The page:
Free Days at Cal Academy of Sciences – Sept 25-27, 2015!

Cal Academy of Sciences has free admission days by zip code, and ours is coming up this weekend.

CalAcademy entrance

From their website:

“Free admission is available for San Francisco residents of each zip code during the designated dates listed below. Visiting adults are limited to six children for free entry. Proof of residency* is required.

Neighborhoods: Bernal Heights, Castro, Cole Valley, Glen Park, Haight, Lake Merced, Mission, Noe Valley, St. Francis Wood [Huh, they missed us. But we are in 94131, so we should be good.]
Zip codes: 94110, 94114, 94117, 94127, 94131, 94132
Fall 2015 Free Days: Sep. 25, 26, 27
Spring 2016 Free Days: Feb. 19, 20, 21″

It’s normally like $35 for adults and $25-30 for kids (unless you’re a member). So this could be a big saving.

Cal Academy of Sciences – 94131 Free Days Fri-Sun

CalAcademy entrance

On the California Academy of Sciences Facebook page:

Do you live in zip codes 94110, 94114, 94117, 94127, 94131, or 94132? We invite you to come to the Academy – for free! – this Friday, Saturday and Sunday. San Francisco Neighborhood Free Days are generously sponsored by Target.

Forest Knolls is of course in 94131, and if you aren’t a member of Cal Academy, this is a great offer. They do these free days from time to time. It’s limited to six kids per adult, and both photo ID and proof of residency are required. (A driving license will do both.)

(We wrote about Cal Academy free days in more detail back in April 2013.)

This time, the free days for our neighborhood coincide with Hardly Strictly Bluegrass music festival in Golden Gate Park, so traffic will be heavy and parking tough. The next neighborhood free day will be in Feb 28 – March 2,  2014.

If you’re planning to go, here’s the relevant page on their website.

California Academy of Sciences Free Days

CalAcademy entrance

The California Academy of Sciences has a few free days occasionally. (The usual ticket is $30 for general admission; $25 for seniors/ students/ youth 12-17; and $20 for kids 4-11. Under 4s are free.) The last admission on free days is at 4 p.m., but it’s usually crowded so they recommend getting there early.

  • Target sponsors free days by zipcode, and ours (for 94131) are coming up soon: April 12-14th, 2013. If you’re going, the adults will need proof of residence, and can take in up to 6 children.
  • On April 18th, admission is free until 2 p.m. but the place closes at 3 p.m.
  • The next general free day, courtesy Chase, is on 2 June 2013.

Before visiting, check out the details HERE on their website.

CalAcademy is only about 10-15 minutes away from Forest Knolls. (Some people even walk down there, though I guess it’s a bit of a hike back, uphill!) Personally, I find it so interesting and convenient that I have a membership. It takes only 2-3 trips to break even.  The Membership page of their website is HERE.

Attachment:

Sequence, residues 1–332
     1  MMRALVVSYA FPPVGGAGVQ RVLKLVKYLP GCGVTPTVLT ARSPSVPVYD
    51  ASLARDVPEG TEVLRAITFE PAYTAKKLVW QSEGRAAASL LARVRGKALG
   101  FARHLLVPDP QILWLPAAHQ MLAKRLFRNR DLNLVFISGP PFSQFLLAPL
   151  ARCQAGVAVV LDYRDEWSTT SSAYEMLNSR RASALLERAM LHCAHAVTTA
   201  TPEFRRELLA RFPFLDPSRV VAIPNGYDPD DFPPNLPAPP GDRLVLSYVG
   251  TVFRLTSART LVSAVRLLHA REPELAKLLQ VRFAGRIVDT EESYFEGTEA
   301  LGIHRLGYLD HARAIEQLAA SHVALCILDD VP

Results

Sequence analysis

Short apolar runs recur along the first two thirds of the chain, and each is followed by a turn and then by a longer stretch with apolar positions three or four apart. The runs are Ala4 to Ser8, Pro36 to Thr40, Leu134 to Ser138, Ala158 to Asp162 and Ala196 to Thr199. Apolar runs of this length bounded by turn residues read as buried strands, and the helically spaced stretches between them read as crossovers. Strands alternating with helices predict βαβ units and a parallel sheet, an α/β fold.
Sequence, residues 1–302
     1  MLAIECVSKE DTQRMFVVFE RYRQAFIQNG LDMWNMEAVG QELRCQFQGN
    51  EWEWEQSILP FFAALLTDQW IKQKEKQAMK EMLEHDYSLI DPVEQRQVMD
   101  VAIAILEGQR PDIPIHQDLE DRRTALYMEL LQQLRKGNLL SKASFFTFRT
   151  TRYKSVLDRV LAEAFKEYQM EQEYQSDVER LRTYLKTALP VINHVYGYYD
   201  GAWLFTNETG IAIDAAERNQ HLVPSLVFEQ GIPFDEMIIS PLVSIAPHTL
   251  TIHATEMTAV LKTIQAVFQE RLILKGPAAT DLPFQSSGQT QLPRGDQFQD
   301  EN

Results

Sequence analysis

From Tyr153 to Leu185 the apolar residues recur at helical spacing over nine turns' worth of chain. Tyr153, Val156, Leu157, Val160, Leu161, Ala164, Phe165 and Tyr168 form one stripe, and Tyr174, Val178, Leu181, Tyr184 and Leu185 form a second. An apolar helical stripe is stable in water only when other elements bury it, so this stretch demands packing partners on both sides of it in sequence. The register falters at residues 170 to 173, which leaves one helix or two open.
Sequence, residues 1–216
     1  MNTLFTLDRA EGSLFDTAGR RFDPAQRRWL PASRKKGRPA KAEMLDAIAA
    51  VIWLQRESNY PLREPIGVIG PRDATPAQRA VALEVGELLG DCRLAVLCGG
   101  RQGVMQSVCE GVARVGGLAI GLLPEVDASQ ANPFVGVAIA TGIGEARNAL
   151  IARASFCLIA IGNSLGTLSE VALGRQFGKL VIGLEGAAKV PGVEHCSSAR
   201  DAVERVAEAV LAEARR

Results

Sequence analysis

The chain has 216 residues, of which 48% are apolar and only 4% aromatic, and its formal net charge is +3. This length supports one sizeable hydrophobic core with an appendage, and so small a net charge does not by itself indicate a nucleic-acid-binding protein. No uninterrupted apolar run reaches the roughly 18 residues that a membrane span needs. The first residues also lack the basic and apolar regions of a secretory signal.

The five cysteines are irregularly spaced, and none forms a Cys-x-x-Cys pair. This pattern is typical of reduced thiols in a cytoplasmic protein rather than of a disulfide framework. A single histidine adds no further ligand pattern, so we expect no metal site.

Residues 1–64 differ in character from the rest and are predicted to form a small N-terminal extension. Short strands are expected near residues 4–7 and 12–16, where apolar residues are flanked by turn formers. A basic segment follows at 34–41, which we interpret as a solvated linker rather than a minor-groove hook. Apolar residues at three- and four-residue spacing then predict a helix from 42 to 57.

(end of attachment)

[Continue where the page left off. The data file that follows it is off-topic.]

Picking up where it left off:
Earthquakes and Ostriches: The Cutest California Academy of Sciences Exhibit

The California Academy of Sciences has an exhibit about earthquakes, so of course, it has ostrich chicks.

You don’t see the connection? Neither did I, actually, but I had to see the ostrich chicks.

As a member of the Cal Academy, admission is free and I can guiltlessly just drop by. That’s what I did today, just to see the ostriches, and was directed to the end of the building. But the enclosure was empty. The ostrich babies were actually outside, being exercised in a large pen in the sunshine.

These little guys were 20 days old, and as you see here, still fuzzy. The fuzz is actually rather like dry grass in texture, and doubtless helps conceal them on the African plains. Ostriches form harems, with 6-7 females and a male, and lay eggs in a communal nest. The females incubate it in the day, the male in the night. When the chicks hatch, they’re ready to run with the flock. In nature, they’d be chasing their mother around the savanna, much like outsize chickens (or she’d be chasing them).

The Academy chicks are indoors much of the time, and so this outdoor exercise time is important to their development. They came as eggs from a ranch in Escondido, the docent explained, and were hatched in an incubator at the Academy. As they outgrow the exhibit, they’ll be sent to various zoos, or back to the ranch. The Academy hatches a new batch every few weeks.

I’m wondering if these little chicks are going to imprint on humans… I was reading on the internet that they do, sometimes, and then the males will direct its mating displays to its human attendant instead of the female ostriches.

Oh, and the connection with earthquakes? Well, it’s plate tectonics.

As the earth’s tectonic plates separated, they parted related birds onto different continents – emus and rheas and ostriches. They’re all flightless rattites, but each evolved flightlessness separately.

Plate movements also cause earthquakes.

And if the connection still seems a bit far-fetched, it’s a good excuse for a display of fuzzy ostrich-babies.